aa;xir dikhaa))ii ((ishq ne chhaatii figaar kar
ta.sdii(( khe;Nchii ham ne yih kaam i;xtiyaar kar

1) finally passion, having wounded the breast, revealed/showed it
2) having undertaken this work/desire, we underwent trouble/affliction



dikhaanaa : 'To cause to see, to show; to direct; to denote, indicate;—to exhibit, display, expose, manifest, discover, reveal'. (Platts p.521)


ta.sdii(( : 'Headache; worry, annoyance, vexation, perplexity; toil, trouble, affliction, sorrow, care'. (Platts p.325)

S. R. Faruqi:

ta.sdii(( = trouble

The opening-verse is by way of introduction, but it certainly offers the pleasure that passion has been called kaam -- that is, it's not some unintelligible thing or some mental defect. It's just one form of work, of which there are thousands of others in the world as well.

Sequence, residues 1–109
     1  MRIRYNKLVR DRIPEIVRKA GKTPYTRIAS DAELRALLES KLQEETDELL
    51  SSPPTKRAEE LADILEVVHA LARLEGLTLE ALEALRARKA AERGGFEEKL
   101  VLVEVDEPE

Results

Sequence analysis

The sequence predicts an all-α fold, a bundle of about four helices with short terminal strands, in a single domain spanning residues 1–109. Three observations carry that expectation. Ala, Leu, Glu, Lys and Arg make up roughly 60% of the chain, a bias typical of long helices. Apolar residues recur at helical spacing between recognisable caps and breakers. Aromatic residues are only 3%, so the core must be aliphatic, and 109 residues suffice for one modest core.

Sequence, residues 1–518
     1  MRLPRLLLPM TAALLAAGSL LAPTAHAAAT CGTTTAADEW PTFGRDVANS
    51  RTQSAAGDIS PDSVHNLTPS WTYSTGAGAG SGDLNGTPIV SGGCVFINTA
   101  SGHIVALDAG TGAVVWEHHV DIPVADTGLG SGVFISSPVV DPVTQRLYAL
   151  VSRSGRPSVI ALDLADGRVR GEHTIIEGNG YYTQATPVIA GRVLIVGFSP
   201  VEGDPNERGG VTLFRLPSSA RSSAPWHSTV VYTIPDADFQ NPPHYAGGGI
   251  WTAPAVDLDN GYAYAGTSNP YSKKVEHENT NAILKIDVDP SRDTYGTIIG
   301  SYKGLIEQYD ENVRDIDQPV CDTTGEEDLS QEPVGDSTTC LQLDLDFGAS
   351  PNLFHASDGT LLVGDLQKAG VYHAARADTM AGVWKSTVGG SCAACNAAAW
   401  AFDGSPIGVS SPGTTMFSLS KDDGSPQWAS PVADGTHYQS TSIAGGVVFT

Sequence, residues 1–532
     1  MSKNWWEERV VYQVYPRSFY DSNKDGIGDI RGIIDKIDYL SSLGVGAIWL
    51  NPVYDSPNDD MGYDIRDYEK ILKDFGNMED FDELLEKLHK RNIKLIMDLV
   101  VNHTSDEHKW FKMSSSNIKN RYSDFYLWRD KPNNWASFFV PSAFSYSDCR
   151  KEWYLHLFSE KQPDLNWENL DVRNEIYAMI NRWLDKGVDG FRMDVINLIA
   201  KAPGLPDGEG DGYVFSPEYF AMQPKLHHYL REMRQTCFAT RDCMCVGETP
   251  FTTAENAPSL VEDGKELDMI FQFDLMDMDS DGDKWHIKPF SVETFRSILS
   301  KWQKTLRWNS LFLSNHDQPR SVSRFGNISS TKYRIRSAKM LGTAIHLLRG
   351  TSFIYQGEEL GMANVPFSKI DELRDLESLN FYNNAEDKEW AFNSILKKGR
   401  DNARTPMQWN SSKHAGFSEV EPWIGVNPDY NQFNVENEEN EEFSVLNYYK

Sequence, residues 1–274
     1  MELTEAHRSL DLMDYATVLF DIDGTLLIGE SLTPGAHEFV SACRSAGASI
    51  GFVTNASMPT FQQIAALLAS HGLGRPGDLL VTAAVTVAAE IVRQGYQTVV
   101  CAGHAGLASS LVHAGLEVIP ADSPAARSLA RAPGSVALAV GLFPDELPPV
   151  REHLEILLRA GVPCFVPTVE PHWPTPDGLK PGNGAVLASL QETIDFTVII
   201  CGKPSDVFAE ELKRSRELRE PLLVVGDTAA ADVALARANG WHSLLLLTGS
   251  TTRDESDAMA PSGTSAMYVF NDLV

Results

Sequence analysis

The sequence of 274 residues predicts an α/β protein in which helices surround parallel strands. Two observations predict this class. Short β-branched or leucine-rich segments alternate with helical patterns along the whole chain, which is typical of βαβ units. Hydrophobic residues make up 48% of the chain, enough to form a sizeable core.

And of course, wherever we have kaam as 'work, task', we almost always have it as 'desire' too.

There's also a certain complexity in dikhaanaa (see the definition above). After having wounded the breast, did passion 'show it off' in the sense of revealing the lover's heart publicly for others (or at least the beloved) to view? Or did passion 'show what it was made of' in the sense of testing and thus verifying the heart's true mettle?

Still, by Mirian standards, there's not much going on here.

Note for translation fans: In English, 'breast', 'bosom', and 'chest' all have problems. But of course they're entirely our problems and have no connection with chhaatii or siinah in the Urdu. Another great translation problem, in my experience, is 'liver'.